In early January 2013, it was hardly surprising the Alaska Aces owned the best record in the ECHL, a 23-team, minor-league circuit two rungs below the NHL on North America’s hockey ladder.
That’s in part because the Aces savored the services of four NHL forwards from Anchorage – Scotty Gomez, Brandon Dubinsky, Nate Thompson and Joey Crabb – who were all psyched to suit up for their hometown team during the NHL lockout.
Injuries limited the number of games Gomez, Dubinsky and Thompson played, but the Aces nonetheless went 27-8-1 in exactly half a season before the lockout ended Jan. 6, 2013, with a tentative deal on a new collective bargaining agreement.
The Aces in those 36 games with world-class talent in the fold generated a nine-game winning streak, two six-game winning streaks and a four-game winning streak. And Aces fans got to see their hometown heroes up close. Alaska went 15-3-0 in 18 home games at Sullivan Arena with the NHLers on coach Rob Murray’s roster.
Crabb, a winger, led the Aces in scoring when the lockout ended – he delivered 17-21—38 totals in 35 games. Thompson, a center, went 7-14—21 in 24 games. Dubinsky, a center, checked in with 9-7—16 totals in 17 games and Gomez, a center and two-time Stanley Cup winner, checked in at 6-7—13 in 11 games.
Gomez figured the lockout was over the moment he woke up in his hotel room in Ontario, Calif., on Sunday, Jan. 6.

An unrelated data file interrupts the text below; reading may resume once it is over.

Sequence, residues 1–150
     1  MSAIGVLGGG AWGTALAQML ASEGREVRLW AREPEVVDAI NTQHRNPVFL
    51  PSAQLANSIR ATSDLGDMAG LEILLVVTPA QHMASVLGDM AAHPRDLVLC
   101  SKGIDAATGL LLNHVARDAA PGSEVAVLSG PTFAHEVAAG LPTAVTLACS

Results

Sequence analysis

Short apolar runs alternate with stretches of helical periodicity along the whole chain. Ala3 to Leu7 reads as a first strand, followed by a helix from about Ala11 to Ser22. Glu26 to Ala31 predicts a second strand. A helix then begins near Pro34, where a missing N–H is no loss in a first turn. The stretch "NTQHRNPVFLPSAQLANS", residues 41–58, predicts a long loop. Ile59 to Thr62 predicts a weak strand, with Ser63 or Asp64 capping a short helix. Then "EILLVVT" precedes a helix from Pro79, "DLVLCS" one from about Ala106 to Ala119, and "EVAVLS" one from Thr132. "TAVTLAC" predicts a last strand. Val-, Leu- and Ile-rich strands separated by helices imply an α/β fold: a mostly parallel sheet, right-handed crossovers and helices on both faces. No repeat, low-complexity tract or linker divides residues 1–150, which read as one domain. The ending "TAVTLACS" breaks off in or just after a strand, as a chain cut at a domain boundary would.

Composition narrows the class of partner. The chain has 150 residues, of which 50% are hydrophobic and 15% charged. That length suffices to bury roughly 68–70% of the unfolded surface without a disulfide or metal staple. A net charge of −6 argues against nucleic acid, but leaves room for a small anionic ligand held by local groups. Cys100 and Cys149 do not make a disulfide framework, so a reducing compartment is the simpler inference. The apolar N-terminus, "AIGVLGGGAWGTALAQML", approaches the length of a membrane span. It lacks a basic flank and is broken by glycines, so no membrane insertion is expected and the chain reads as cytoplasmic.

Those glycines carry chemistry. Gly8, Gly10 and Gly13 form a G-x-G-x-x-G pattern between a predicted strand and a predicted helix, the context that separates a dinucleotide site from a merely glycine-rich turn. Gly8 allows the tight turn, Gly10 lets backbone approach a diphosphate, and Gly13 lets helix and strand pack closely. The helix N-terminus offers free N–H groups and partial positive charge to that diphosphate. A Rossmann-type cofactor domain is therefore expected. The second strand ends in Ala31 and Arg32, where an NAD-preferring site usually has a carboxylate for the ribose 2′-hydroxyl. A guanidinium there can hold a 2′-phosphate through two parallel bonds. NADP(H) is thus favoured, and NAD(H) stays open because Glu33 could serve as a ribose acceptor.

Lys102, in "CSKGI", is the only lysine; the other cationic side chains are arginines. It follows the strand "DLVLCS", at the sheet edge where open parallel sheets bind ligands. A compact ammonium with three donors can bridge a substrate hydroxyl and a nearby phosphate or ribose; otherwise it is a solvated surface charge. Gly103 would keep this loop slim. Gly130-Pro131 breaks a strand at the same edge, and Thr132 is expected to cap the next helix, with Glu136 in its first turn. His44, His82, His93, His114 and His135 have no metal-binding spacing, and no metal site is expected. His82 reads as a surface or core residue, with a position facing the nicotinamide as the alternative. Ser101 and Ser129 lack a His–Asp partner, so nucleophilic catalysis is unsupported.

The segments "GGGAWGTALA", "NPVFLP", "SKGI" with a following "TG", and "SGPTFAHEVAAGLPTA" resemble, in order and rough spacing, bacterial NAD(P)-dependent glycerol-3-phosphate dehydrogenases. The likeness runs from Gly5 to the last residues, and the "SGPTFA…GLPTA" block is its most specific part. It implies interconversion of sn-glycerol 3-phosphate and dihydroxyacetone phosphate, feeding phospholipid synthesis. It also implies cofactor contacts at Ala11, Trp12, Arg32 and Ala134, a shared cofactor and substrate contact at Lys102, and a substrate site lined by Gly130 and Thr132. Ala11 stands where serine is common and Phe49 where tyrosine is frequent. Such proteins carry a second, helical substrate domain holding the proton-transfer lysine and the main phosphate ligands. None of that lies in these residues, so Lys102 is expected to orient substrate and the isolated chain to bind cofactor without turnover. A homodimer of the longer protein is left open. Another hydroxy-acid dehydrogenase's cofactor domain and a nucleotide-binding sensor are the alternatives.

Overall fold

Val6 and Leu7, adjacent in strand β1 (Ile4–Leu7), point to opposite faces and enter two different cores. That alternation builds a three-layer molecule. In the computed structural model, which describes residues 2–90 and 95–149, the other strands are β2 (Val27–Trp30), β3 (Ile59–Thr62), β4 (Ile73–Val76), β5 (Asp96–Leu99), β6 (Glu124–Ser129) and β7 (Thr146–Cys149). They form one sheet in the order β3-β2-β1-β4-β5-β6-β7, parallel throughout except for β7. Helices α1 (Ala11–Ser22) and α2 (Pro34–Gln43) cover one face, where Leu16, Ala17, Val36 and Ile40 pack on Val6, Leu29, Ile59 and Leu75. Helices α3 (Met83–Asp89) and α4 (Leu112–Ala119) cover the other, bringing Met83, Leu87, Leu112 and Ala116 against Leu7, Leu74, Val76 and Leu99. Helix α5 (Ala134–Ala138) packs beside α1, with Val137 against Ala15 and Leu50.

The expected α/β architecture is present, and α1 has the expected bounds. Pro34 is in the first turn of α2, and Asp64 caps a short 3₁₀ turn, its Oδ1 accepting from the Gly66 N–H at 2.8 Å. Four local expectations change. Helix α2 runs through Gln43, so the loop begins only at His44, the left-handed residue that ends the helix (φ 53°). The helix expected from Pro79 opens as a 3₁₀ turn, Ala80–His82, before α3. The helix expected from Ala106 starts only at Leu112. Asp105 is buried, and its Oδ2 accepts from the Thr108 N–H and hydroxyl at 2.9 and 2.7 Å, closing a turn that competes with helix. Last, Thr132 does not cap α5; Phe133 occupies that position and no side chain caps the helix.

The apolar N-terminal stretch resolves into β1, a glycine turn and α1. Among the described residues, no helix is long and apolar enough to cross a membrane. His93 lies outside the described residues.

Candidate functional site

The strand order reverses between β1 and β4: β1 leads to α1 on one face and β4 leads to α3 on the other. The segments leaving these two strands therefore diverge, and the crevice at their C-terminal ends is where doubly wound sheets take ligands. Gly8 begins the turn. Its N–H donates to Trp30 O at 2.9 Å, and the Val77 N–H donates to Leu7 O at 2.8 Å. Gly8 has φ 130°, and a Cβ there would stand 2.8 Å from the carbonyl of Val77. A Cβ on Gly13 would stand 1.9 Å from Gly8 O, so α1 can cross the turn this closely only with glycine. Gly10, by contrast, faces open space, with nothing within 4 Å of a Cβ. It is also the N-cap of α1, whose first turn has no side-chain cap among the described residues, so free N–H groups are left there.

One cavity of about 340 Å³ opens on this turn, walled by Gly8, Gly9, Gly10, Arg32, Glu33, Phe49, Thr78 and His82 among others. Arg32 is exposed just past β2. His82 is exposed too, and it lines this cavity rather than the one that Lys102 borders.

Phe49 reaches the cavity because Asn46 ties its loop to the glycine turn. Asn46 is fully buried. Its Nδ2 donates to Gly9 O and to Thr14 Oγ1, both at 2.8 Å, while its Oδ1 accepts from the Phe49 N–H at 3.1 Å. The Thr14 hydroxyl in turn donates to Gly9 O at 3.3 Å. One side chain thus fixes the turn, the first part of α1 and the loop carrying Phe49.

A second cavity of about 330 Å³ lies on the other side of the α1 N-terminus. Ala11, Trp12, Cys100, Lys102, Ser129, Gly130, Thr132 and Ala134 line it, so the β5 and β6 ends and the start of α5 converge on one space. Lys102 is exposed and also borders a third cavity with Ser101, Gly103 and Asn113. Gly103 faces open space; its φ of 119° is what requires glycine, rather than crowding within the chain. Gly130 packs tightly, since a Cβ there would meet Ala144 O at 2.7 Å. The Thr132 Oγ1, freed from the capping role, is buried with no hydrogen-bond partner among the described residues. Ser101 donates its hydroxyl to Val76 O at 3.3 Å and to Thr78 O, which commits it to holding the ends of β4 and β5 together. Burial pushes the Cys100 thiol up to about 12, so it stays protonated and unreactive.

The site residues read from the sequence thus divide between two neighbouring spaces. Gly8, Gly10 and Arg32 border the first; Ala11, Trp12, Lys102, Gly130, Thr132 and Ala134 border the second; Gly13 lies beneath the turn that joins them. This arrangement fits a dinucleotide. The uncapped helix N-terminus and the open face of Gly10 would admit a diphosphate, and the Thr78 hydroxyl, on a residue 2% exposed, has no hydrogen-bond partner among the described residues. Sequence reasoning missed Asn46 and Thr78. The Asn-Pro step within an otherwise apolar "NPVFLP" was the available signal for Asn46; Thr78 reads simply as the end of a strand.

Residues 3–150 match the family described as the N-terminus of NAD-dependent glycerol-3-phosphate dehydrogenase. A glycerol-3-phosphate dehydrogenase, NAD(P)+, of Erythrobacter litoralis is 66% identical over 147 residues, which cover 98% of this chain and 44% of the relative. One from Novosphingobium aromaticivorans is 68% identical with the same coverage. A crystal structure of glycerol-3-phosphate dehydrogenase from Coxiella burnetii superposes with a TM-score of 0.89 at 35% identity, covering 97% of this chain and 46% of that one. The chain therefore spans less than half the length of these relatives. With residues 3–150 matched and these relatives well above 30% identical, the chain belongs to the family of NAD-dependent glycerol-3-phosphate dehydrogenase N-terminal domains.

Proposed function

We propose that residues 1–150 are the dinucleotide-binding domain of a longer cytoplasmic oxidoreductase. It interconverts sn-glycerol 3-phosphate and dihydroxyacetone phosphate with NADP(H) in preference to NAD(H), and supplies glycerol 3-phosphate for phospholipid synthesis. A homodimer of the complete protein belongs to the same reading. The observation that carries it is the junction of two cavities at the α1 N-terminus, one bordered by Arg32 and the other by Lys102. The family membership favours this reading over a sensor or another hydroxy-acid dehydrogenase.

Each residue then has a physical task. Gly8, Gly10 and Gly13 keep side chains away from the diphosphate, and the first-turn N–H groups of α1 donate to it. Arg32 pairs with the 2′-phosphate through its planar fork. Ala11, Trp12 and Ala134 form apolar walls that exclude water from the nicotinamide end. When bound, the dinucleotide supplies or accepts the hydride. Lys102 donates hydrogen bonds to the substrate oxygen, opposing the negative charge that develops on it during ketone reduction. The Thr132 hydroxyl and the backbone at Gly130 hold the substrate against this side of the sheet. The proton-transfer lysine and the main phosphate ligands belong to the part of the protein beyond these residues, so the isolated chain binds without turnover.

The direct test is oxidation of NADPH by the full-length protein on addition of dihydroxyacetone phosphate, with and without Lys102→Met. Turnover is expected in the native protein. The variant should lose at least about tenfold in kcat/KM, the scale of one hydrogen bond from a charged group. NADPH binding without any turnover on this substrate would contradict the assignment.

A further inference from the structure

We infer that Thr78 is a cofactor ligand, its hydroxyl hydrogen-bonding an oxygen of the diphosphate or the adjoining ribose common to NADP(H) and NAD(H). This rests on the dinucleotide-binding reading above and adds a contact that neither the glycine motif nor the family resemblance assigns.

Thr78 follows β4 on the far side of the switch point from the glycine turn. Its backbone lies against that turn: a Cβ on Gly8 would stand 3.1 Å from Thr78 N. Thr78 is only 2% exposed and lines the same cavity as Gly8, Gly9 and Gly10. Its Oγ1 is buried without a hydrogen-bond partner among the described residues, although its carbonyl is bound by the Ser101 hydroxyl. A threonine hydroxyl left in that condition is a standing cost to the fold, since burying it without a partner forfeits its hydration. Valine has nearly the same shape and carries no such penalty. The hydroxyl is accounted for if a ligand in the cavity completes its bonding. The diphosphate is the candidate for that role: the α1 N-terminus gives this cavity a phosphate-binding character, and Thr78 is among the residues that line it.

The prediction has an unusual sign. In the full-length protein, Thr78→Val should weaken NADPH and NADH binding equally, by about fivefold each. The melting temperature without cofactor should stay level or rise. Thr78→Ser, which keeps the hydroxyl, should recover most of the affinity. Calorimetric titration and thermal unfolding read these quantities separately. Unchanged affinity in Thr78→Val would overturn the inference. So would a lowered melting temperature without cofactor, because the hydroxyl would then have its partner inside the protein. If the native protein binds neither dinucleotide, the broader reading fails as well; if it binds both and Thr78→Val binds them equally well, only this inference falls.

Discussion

“You know something’s going on when you wake up with 26 messages on one (U.S.) phone and then 99 on your Canadian phone,’’ he said at the time.
This was Gomez’s second go-round for the Aces. He also played for them in 2004-05, when another NHL lockout wiped out an entire season in the world’s best league. He led the ECHL in scoring and was voted the league’s Most Valuable Player, but Alaska’s playoff run was derailed in part because of a postseason injury Gomez suffered. (The Aces the following season won the first of the franchise’s three Kelly Cups as ECHL champs).
Gomez, Dubinsky and Crabb were on the road with the Aces – Thompson was home taking care of an injury – when they found out they were headed back to the NHL. They did not play that day in a 2-1 road win over Ontario. Crabb said the prospect of moving from his hometown team to NHL Washington in mid-season seemed odd.
“It’s almost like switching schools in the middle of the year,’’ Crabb said.
Dubinsky said he was psyched to get back to the NHL, but he felt invested in the Aces. Leaving that club and heading back to the Columbus Blue Jackets seemed surreal, he said.
“It feels like it’s Breakup Day, the last day of the season when you’re packing up for the year,’’ Dubinsky said. “And then it’s sort of awkward because now we’re headed to another season instead of hitting the golf course.’’
Gomez played that NHL season for the San Jose Sharks and Crabb mostly played for the Washington Capitals, with some time at Hershey of the American Hockey League. Thompson returned to the Tampa Bay Lightning.
The Aces, who featured a strong roster even without the NHLers, continued to excel after the lockout, going 22-7-7 the rest of the way to finish 49-15-8, worth a league-leading 106 points. Alaska beat the San Francisco Bulls in five games of a best-of-7 Western Conference first-round series before falling to the Stockton Thunder – Stockton was coached by Matt Thomas, who went on to be head coach at UAA — in six games in the conference semifinals.